A synthesis of methane dynamics in thermokarst lake environments

J. K. Heslop, K. M. Walter Anthony, M. Winkel, A. Sepulveda-Jauregui, K. Martinez-Cruz, A. Bondurant, G. Grosse, S. Liebner

Research output: Contribution to journalReview articlepeer-review

4 Scopus citations


Greenhouse gas emissions from physical permafrost thaw disturbance and subsidence, including the formation and expansion of thermokarst (thaw) lakes, may double the magnitude of the permafrost carbon feedback this century. These processes are not accounted for in current global climate models. Thermokarst lakes, in particular, have been shown to be hotspots for emissions of methane (CH4), a potent greenhouse gas with 32 times more global warming potential than carbon dioxide (CO2) over a 100-year timescale. Here, we synthesize several studies examining CH4 dynamics in a representative first-generation thermokarst lake (Vault Lake, informal name) to show that CH4 production and oxidation potentials vary with depth in thawed sediments beneath the lake. This variation leads to depth-dependent differences in both in situ dissolved CO2:CH4 ratios and net CH4 production responses to additional warming. Comparing CH4 production, oxidation, and flux values from studies at Vault Lake suggests up to 99% of produced CH4 is oxidized and/or periodically entrapped before entering the atmosphere. We summarize these findings in the context of CH4 literature from thermokarst lakes and identify future research directions for incorporating thermokarst lake CH4 dynamics into estimates of the permafrost carbon feedback.

Original languageEnglish (US)
Article number103365
JournalEarth-Science Reviews
StatePublished - Nov 2020

Bibliographical note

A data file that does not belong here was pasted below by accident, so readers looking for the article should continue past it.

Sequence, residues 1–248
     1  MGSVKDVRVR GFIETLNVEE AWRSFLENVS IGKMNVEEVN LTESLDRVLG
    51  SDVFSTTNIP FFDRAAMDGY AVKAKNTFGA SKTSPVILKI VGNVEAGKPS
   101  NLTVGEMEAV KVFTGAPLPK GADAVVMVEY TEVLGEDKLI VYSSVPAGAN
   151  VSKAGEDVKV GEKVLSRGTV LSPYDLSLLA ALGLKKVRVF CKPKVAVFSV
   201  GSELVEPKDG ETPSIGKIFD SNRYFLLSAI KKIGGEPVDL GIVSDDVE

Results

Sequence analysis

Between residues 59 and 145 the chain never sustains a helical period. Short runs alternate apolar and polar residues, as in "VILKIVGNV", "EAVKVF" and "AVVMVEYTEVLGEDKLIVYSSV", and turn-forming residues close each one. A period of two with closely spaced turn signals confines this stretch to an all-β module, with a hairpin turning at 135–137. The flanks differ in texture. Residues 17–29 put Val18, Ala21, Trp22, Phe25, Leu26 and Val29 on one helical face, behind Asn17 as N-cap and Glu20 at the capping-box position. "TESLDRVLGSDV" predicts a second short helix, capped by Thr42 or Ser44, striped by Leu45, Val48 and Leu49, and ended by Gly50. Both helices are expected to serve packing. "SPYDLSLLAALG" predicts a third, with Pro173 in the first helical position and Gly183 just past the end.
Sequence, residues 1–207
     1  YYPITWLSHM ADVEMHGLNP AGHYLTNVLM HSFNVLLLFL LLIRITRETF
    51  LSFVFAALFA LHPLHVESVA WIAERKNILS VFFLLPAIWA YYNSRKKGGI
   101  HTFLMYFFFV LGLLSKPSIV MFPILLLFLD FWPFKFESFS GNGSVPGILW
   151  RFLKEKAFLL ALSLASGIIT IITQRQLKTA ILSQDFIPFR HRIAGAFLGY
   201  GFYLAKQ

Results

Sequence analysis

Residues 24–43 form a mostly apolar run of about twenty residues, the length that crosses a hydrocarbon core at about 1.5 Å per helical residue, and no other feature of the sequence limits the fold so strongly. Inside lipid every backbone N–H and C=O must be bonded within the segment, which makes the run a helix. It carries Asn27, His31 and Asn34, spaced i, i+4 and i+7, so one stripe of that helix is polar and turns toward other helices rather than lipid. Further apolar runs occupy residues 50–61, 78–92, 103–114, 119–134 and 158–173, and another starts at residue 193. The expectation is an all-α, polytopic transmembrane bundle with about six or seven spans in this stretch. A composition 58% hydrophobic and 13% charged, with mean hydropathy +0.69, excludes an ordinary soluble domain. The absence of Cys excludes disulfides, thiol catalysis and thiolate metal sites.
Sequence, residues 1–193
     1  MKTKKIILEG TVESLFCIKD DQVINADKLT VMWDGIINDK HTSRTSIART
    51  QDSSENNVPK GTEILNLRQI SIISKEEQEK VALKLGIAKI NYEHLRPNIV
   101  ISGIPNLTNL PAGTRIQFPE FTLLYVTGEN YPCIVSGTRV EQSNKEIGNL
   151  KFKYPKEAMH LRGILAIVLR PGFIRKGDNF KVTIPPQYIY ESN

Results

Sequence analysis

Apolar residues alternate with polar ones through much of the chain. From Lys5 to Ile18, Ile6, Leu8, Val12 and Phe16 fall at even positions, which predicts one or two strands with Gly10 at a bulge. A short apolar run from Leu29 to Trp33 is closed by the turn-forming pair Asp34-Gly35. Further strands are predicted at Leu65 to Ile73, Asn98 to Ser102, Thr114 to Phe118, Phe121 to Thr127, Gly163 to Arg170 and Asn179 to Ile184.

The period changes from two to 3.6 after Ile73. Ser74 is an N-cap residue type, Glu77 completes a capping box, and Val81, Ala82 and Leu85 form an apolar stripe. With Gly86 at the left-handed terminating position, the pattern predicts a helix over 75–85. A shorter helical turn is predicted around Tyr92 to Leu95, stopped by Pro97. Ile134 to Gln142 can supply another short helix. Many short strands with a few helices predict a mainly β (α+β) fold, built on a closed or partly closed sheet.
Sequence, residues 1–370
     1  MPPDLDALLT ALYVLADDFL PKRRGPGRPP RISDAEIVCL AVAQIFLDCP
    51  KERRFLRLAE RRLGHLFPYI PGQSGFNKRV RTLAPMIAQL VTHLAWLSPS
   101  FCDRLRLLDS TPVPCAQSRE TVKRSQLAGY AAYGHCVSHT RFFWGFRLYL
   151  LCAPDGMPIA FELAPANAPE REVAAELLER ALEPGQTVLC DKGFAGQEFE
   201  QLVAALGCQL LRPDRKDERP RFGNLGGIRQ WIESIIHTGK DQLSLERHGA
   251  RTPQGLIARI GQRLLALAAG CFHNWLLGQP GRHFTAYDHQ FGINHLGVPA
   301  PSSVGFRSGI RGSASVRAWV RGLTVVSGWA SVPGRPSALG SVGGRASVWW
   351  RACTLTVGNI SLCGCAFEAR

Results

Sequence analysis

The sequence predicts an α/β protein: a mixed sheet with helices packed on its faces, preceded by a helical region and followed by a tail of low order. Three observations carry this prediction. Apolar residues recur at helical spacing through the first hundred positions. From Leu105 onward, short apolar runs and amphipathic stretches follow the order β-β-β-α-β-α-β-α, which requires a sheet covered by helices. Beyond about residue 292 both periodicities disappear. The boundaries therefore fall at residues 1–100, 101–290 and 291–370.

Funding Information:
We thank: P. Anthony, S. Billings, N. Haubenstock, F. Horn, T. Howe, A. Saborowski, and B. Van Veldhuizen for assistance in data collection and/or analysis and S. Skidmore for granting access to Vault Lake. Funding for J.K. Heslop, K.M. Walter Anthony, A. Sepulveda-Jauregui, G. Grosse, and A. Bondurant was provided by DOE DE-SC0006920, NSF OPP-1107892, and ARC-1304823. Funding for K. Martinez-Cruz was provided by Conacyt 330197/233369. K.M. Walter Anthony was supported by NASA ABoVE NNX15AU49A . Additional funding for M. Winkel and K. M. Walter Anthony was provided by the NSF ARCSS-1500931 and for G. Grosse by ERC 388335. The Helmholtz Young Investigator Group of S. Liebner is funded by the Helmholtz Gemeinschaft (HGF) (VH-NG-919). Additional funding for J. Heslop was provided by a GFZ Discovery Fellowship. a UAF Center for Global Change Student Research Grant with funds from the UAF Center for Global Change, and STAR Fellowship Assistance agreement no. FP-91762901-0 awarded by the US Environmental Protection Agency (EPA). This manuscript has not been formally reviewed by EPA. The views expressed in this presentation are solely those of J. Heslop, and the EPA does not endorse any products or commercial services mentioned.

Publisher Copyright:
© 2020 Elsevier B.V.

Copyright 2020 Elsevier B.V., All rights reserved.


  • Methane
  • Methane oxidation
  • Permafrost carbon feedback
  • Rapid thaw

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